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This article was published 8/3/2013 (1150 days ago), so information in it may no longer be current.
Call it Atlantic alienation -- a growing belief that the federal government in distant Ottawa is out of touch with its eastern provinces and pursuing policies that are punishing the region and its citizens.
Peter McKenna, a professor of political science at the University of Prince Edward Island, popularized the term in a recent newspaper commentary, after one of his students drew a parallel between Atlantic Canada's political isolation and the rise of western alienation in the 1980s.
There's "a palpable sense in the region that Atlantic Canada's voice doesn't much matter in Ottawa these days," McKenna wrote. "It's as if the Harper Conservatives don't care what people think down here, that they've written off the region electorally."
A disproportionate share of federal civil-service cuts. New employment insurance eligibility rules that disrupt the region's seasonal fishing, forestry and tourism industries. Dispatching the "pogey police" to the doors of EI recipients to root out false claims. Less money for the Atlantic Canada Opportunities Agency, which supports economic development.
Even a bid by a trio of Conservative senators to revive the idea of a political union of the three Maritime provinces -- unpopular among voters and provincial politicians alike -- is being seen as evidence of a federal government bent on imposing its will on the East.
It has added up to dismal poll results in the region for Prime Minister Stephen Harper and his party.
The latest poll released by Halifax's Corporate Research Associates found support for the federal Conservatives among decided voters had fallen from 39 to 30 per cent since the end of 2011, putting them in a tie with the slumping New Democrats. The Liberal Party catapulted from worst to first -- to 36 per cent from just 23 per cent last year. A recent Nanos survey confirms those numbers, pegging the Liberals at 38 per cent to the Conservatives' 29 per cent.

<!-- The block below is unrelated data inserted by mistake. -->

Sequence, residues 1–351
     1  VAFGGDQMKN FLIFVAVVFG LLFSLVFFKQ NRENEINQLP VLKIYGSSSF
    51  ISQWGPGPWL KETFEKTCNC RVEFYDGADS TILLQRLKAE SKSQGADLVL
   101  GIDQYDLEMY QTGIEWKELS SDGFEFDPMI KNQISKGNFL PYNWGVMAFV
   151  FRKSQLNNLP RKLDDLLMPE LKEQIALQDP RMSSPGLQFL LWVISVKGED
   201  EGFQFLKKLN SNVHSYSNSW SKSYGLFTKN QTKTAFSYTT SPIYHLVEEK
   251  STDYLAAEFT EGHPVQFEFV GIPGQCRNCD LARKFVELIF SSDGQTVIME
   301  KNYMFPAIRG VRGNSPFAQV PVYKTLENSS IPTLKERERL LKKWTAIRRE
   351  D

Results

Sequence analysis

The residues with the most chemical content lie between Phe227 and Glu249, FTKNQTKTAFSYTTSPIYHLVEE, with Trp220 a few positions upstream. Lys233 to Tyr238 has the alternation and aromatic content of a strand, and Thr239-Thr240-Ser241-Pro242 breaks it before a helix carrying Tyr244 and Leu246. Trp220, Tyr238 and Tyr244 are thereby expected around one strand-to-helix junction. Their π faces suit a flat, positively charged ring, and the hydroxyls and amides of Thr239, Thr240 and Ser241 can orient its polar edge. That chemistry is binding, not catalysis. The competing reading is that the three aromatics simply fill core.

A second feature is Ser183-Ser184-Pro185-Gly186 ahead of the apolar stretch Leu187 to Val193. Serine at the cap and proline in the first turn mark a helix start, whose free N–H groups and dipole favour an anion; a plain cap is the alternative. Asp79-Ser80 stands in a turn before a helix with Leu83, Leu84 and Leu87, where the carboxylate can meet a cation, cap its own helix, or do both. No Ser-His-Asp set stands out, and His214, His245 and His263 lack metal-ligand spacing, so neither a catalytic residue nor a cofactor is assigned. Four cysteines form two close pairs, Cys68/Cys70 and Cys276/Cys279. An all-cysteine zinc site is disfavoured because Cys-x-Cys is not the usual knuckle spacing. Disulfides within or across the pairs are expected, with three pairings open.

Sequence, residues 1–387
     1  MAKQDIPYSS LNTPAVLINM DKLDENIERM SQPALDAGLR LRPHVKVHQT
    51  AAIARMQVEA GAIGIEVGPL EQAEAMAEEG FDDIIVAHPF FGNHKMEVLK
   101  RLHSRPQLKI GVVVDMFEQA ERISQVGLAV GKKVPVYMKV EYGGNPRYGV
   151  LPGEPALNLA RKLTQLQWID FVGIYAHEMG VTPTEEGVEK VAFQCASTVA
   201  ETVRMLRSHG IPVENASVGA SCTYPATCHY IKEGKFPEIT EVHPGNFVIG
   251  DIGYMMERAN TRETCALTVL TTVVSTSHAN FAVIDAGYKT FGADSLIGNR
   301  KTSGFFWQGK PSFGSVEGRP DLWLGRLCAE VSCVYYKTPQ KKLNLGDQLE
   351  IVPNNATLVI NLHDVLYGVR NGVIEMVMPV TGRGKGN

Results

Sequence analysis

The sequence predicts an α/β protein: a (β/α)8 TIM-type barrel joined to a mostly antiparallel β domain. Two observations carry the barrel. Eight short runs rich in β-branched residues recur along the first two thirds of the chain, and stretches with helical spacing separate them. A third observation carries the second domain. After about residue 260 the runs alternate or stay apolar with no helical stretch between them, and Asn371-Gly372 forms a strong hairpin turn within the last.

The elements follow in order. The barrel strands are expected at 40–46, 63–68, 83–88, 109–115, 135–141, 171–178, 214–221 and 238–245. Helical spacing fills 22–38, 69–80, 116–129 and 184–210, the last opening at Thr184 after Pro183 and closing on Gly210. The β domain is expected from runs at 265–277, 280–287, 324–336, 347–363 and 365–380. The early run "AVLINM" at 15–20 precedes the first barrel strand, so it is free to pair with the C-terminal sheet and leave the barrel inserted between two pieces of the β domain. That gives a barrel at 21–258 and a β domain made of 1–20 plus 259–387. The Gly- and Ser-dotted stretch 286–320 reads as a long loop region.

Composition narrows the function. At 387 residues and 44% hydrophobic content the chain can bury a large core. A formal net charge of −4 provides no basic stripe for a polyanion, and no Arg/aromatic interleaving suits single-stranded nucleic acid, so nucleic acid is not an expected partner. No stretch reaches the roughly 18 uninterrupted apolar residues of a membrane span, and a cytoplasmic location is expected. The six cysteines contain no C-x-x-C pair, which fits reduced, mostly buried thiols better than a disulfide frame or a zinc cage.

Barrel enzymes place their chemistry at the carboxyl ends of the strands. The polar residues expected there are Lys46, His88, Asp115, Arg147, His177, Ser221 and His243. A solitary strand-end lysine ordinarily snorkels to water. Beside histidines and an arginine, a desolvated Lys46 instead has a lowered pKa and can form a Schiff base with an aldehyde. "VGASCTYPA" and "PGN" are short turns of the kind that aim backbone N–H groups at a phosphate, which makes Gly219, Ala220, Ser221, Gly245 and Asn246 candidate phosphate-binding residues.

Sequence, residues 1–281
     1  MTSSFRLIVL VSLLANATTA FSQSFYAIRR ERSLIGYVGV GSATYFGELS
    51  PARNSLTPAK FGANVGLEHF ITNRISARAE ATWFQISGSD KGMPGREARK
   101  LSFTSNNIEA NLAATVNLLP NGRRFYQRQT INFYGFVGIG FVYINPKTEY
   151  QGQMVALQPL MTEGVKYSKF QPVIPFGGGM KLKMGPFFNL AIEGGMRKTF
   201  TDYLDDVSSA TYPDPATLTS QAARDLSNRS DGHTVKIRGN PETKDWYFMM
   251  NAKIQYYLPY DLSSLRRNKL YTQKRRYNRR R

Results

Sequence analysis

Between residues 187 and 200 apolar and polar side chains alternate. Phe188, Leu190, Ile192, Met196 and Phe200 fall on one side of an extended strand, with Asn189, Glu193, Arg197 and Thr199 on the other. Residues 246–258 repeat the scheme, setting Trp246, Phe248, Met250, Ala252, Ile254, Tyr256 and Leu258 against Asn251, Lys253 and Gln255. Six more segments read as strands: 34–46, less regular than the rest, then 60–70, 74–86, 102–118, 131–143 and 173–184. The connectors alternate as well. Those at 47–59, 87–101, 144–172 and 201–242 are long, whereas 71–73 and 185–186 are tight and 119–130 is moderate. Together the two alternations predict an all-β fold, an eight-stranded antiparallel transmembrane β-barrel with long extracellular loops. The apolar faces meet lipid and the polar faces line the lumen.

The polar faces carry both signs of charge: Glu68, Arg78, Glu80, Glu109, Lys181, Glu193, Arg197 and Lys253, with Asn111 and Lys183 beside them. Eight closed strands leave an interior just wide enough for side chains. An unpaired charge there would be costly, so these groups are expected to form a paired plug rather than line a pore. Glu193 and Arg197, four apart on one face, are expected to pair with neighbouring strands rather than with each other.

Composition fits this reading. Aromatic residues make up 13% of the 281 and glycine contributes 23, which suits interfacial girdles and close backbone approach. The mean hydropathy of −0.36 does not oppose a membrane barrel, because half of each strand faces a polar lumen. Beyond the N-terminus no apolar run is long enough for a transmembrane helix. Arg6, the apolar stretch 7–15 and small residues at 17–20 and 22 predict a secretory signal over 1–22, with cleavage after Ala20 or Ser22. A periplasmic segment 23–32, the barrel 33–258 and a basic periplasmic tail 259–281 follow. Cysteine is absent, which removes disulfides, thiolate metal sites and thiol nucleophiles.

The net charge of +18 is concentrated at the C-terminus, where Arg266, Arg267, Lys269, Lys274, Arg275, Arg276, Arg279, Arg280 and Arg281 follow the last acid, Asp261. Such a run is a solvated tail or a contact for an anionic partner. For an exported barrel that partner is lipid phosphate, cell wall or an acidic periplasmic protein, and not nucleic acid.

The Conservatives have only themselves to blame. The Corporate Research poll suggests almost three out of five Atlantic Canadians are dissatisfied with the Harper government's performance, while a quarter of respondents would prefer to have a Liberal -- even interim Leader Bob Rae -- as prime minister.
The alienation is real, at least in terms of political support, and that raises a question: Should Harper care, any more than Pierre Trudeau appeared to care when his National Energy Policy sounded the death knell for Liberal support in Western Canada?
Politically, there's not a lot at stake east of Quebec. A sweep of Atlantic Canada would net a federal party just 32 MPs, barely a tenth of the seats in the House of Commons. The proposed addition of 30 seats to the Commons -- none of them in Atlantic Canada -- would further erode the region's feeble political clout.
The Harper government did well here in the 2011 election, claiming 14 of the region's seats on its way to long-sought majority status. But eight were in a single province, New Brunswick, and the Conservatives could muster only one seat in P.E.I. and one in Newfoundland and Labrador.
The Liberals, despite their disastrous showing nationally, almost fought the Tories to a draw in Atlantic Canada, winning a dozen seats. The polls suggest they're poised to do much better -- at Harper's expense -- in the next election.
While some policies have generated a regional backlash, there's plenty of evidence Harper has not written off the region. There's the $25-billion shipbuilding contract for Halifax's Irving shipyard and Ottawa's support for a pipeline to bring Alberta crude to Saint John, N.B., plus a federal loan guarantee to kickstart Labrador's Muskrat Falls hydroelectric development.
The region boasts five cabinet representatives, even if the spate of anti-Atlantic policies suggests their voices are not always heard. And when Harper needed a new minister last month to take over the hot-potato Aboriginal Affairs and Northern Development portfolio, he turned to New Brunswick's Bernard Valcourt.
Such moves may reverse the Conservatives' East Coast slide before the next federal election. If not, the chief beneficiary of the Liberal resurgence may be leadership front-runner Justin Trudeau, who was in Nova Scotia last weekend to campaign and to debate his rivals.
It would be ironic, as political scientist Peter McKenna has noted, if Trudeau rides a wave of eastern unrest three decades after his father set the stage for the rise of Western Canada as a political force.
Dean Jobb, a professor of journalism at the University of King's College in Halifax, is the Winnipeg Free Press East Coast correspondent.